Tuesday, January 31, 2023
Health and Fitness

How To Lower Diastolic Blood Pressure

When your heart beats and relaxes, the force inside your blood vessels is known as blood pressure. This force is expressed as two digits and measured in millimetres of mercury (mm Hg). When your heart beats, the highest number, known as your systolic pressure, is measured. When your heart relaxes between beats, the lower value, known as diastolic pressure, is measured. High blood pressure increases your chances of developing heart disease or having a stroke, but low blood pressure can also be an issue.

Hypotension is the medical word for low blood pressure. If you have hypotension, your systolic pressure is less than 90 mm Hg, and your diastolic pressure is less than 60 mm Hg. Doctors have begun to express alarm about diastolic blood pressure levels below 60. Even though their systolic pressure is normal, some persons can have low diastolic pressure. This is known as isolated diastolic hypotension. Low diastolic blood pressure is very hazardous to your heart.

How To Lower Diastolic Blood Pressure

The muscles of your heart receive blood when your heart relaxes, as opposed to the rest of your body, which receives blood when your heartbeats. Your cardiac muscles will not receive enough oxygenated blood if your diastolic blood pressure is too low. This can cause your heart to weaken, a condition known as diastolic heart failure. If you have coronary heart disease, which is a narrowing of your heart arteries, you may be at a higher risk of this type of heart failure.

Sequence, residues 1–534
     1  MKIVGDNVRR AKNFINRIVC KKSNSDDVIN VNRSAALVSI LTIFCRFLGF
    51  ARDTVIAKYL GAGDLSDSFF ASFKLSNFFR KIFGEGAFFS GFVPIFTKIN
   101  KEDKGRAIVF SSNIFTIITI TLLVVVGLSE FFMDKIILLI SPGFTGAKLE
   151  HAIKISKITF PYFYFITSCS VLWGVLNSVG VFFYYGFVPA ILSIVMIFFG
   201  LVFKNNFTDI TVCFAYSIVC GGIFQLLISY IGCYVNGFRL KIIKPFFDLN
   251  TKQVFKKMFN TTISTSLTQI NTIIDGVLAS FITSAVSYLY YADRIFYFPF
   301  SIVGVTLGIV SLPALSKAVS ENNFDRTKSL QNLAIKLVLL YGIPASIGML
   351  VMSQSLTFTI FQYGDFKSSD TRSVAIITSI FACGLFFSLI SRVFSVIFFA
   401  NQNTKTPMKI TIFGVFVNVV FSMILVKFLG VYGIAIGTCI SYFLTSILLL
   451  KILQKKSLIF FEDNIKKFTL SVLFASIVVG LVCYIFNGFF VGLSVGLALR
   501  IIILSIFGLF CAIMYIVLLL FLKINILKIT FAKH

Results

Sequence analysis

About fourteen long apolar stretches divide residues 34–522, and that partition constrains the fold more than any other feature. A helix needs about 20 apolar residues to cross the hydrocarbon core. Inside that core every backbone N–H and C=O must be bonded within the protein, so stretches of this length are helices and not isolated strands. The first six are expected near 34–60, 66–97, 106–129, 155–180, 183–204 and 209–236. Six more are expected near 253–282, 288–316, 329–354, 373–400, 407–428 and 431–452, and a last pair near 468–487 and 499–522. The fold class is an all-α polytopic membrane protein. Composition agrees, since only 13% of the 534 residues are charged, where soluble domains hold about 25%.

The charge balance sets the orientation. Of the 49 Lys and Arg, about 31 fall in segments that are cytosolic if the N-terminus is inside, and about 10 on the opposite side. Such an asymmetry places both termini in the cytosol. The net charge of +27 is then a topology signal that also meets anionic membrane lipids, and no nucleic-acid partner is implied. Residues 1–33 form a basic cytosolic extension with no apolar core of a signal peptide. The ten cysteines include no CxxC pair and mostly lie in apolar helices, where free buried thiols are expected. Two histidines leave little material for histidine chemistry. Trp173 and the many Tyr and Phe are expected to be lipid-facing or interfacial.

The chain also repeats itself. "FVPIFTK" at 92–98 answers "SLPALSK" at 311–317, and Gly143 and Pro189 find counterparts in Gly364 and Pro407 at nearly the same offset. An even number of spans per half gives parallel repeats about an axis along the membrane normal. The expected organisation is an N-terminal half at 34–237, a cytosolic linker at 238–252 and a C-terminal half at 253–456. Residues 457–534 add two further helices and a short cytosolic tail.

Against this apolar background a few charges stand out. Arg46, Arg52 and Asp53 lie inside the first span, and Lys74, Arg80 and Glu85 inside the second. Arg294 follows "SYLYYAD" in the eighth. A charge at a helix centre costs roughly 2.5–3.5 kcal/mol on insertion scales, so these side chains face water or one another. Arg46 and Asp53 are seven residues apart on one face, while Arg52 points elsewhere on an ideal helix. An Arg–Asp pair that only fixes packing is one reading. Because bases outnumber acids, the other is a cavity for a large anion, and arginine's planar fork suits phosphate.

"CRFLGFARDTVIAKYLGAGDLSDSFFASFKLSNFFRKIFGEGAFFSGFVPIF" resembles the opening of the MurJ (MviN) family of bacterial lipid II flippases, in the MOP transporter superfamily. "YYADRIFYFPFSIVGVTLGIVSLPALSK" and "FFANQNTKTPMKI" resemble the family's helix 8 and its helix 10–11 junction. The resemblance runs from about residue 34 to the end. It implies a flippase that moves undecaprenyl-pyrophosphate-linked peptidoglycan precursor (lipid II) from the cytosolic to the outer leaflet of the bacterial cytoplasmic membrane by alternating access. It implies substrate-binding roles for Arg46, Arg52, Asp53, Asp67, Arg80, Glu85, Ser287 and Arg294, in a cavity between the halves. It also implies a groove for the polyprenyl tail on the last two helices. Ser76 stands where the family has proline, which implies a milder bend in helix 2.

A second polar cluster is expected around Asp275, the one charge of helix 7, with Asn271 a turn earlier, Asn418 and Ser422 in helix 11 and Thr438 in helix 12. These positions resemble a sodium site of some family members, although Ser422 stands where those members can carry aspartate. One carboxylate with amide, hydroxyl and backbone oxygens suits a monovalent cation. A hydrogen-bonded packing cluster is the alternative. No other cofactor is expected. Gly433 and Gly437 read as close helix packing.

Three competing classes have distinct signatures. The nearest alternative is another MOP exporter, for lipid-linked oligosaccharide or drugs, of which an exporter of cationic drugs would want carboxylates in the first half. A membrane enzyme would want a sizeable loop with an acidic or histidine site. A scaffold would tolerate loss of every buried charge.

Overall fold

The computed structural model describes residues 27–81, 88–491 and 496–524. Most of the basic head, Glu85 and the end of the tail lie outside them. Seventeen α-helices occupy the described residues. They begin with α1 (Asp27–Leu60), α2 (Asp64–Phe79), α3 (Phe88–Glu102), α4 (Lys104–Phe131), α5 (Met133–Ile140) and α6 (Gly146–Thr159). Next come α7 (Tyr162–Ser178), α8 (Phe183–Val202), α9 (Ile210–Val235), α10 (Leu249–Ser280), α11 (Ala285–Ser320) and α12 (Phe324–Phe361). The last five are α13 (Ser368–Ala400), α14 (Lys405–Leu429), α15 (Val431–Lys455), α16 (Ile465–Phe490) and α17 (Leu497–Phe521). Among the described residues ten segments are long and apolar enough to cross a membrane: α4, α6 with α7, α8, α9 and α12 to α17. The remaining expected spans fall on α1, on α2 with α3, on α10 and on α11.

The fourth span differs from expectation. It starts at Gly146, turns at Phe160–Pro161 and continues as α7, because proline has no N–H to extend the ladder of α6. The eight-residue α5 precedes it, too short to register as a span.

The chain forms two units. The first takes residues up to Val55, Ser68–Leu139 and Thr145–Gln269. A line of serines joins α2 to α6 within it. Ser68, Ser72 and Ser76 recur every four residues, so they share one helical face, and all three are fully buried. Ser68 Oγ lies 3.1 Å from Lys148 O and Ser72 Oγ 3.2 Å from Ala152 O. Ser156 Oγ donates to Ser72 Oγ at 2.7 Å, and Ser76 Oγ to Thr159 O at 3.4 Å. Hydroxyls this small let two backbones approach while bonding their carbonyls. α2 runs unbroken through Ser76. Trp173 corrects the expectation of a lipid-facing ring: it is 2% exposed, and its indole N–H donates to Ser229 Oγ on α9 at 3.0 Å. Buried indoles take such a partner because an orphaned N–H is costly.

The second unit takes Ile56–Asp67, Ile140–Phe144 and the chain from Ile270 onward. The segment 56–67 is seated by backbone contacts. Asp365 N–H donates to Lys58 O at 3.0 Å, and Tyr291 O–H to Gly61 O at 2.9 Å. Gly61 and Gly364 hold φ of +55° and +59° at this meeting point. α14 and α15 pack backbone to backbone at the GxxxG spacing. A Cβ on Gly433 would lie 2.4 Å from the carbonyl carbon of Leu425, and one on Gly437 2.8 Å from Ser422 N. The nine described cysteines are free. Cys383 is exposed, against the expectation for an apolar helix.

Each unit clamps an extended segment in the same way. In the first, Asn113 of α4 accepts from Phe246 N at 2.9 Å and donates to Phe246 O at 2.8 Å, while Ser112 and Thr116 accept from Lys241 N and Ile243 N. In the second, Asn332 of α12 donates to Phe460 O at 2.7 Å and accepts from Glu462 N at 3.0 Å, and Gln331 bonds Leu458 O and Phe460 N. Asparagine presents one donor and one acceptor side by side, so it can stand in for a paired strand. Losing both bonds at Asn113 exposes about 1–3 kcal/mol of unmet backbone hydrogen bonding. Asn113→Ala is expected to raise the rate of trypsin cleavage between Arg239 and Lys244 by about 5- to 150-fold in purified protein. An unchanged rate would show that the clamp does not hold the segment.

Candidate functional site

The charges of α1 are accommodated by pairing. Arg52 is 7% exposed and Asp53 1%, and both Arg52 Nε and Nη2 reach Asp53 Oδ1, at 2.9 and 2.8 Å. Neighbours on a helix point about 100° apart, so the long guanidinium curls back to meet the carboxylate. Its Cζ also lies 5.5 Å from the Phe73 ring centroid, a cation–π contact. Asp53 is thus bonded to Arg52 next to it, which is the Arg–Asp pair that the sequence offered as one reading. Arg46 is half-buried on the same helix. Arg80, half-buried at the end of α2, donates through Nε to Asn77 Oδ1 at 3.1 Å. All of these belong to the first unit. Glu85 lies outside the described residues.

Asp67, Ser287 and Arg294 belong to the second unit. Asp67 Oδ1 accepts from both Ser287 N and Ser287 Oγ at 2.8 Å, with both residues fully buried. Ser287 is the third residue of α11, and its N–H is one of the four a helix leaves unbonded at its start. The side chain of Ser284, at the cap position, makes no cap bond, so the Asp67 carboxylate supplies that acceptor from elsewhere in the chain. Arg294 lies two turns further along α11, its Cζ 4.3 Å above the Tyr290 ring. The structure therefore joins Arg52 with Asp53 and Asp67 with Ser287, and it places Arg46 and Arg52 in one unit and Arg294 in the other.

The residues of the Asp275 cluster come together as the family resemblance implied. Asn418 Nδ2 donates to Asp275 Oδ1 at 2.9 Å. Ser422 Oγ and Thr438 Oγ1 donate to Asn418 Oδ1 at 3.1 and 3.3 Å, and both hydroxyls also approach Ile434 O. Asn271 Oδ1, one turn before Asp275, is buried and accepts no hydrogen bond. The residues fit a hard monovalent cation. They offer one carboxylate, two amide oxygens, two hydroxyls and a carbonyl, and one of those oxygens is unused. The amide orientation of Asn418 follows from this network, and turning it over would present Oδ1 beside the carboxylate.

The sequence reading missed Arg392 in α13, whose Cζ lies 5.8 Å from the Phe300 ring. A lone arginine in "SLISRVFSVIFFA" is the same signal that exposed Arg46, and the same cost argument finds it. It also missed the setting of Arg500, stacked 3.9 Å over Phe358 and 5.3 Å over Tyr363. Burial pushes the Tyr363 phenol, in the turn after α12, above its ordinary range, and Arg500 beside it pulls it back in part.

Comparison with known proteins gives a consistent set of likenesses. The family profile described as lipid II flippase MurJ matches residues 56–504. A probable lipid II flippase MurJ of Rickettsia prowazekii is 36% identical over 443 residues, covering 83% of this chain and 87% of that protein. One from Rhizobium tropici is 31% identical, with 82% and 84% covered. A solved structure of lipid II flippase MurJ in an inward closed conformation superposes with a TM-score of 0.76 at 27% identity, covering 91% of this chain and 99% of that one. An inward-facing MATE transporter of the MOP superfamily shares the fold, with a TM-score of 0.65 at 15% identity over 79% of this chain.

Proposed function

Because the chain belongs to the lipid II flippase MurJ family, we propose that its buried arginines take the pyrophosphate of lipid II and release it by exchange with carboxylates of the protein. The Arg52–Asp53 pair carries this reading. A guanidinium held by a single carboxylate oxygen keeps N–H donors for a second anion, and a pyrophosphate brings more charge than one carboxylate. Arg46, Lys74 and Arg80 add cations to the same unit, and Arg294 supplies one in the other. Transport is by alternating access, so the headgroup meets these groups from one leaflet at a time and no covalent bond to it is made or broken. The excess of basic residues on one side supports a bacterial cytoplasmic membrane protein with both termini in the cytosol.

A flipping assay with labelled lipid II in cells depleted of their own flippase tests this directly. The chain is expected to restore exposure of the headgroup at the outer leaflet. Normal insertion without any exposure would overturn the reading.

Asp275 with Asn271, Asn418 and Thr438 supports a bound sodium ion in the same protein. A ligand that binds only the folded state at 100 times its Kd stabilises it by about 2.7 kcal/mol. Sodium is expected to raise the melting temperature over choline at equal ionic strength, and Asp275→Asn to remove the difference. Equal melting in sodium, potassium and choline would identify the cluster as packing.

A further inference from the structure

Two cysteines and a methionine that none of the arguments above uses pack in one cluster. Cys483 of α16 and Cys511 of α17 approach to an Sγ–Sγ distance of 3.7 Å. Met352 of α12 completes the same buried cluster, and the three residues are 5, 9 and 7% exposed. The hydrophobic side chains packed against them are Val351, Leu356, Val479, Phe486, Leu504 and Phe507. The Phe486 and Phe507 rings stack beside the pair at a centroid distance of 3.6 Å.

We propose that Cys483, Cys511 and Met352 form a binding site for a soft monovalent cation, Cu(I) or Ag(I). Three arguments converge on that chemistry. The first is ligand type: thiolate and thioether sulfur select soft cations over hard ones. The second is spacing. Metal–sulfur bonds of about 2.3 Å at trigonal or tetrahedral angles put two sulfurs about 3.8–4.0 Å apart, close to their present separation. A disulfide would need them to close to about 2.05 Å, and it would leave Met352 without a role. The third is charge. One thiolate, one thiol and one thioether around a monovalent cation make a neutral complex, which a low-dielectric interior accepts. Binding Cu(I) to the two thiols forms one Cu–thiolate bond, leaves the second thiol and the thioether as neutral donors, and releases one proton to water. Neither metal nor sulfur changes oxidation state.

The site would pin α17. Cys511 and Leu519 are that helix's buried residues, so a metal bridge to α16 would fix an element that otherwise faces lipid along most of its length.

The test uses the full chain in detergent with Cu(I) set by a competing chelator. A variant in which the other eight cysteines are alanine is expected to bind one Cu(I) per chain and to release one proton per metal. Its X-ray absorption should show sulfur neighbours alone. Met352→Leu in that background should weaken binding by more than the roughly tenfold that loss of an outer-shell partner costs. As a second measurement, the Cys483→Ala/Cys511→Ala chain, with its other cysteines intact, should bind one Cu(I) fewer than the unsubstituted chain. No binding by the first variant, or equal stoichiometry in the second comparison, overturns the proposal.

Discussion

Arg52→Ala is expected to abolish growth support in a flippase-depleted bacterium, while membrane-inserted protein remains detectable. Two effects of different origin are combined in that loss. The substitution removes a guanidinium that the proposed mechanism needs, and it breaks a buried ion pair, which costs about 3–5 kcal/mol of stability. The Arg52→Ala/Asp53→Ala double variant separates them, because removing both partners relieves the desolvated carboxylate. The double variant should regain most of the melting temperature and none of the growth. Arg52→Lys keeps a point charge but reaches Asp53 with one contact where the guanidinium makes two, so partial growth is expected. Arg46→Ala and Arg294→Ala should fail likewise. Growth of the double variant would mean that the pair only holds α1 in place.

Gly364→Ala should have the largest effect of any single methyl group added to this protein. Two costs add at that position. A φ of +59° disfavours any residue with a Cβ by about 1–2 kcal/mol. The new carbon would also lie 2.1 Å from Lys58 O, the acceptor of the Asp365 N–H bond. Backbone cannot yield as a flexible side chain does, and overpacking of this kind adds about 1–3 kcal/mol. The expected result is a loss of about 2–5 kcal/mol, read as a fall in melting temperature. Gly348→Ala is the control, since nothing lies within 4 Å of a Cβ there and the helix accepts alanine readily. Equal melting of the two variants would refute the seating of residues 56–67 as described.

How to Lower Blood Pressure Naturally

It is common for your blood pressure to fluctuate throughout the day. Excitement, activity, sleeping, and waking up are all examples of situations in which blood pressure naturally varies. When your activity is finished, your blood pressure reading should return to normal.

Normal blood pressure is defined as a systolic pressure less than 120 mmHg and diastolic pressure less than 80 mmHg. Systolic pressure is the amount of blood pressure measured as your heartbeats. Diastolic pressure is the amount of pressure in the blood when the heart is at rest between beats. Unfortunately, there is no treatment for high blood pressure at the moment, but you may make efforts to manage it even if you are not taking medication. If you are seeking the answer to how to lower diastolic blood pressure? Here are eight natural strategies to reduce your blood pressure: